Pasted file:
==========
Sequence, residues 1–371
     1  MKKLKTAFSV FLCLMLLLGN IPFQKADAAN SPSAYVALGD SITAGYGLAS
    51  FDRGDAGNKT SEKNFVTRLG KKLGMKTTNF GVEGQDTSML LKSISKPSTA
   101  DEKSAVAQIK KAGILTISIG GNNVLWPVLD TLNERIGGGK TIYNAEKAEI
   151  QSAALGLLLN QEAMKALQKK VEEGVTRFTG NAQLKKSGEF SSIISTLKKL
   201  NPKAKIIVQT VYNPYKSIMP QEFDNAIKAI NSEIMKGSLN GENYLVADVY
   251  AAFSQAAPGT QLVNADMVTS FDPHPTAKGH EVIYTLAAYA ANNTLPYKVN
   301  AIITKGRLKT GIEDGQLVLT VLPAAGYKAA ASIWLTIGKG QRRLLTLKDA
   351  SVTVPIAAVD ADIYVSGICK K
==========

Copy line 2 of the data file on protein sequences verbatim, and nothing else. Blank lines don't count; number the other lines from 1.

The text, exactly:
     1  MKKLKTAFSV FLCLMLLLGN IPFQKADAAN SPSAYVALGD SITAGYGLAS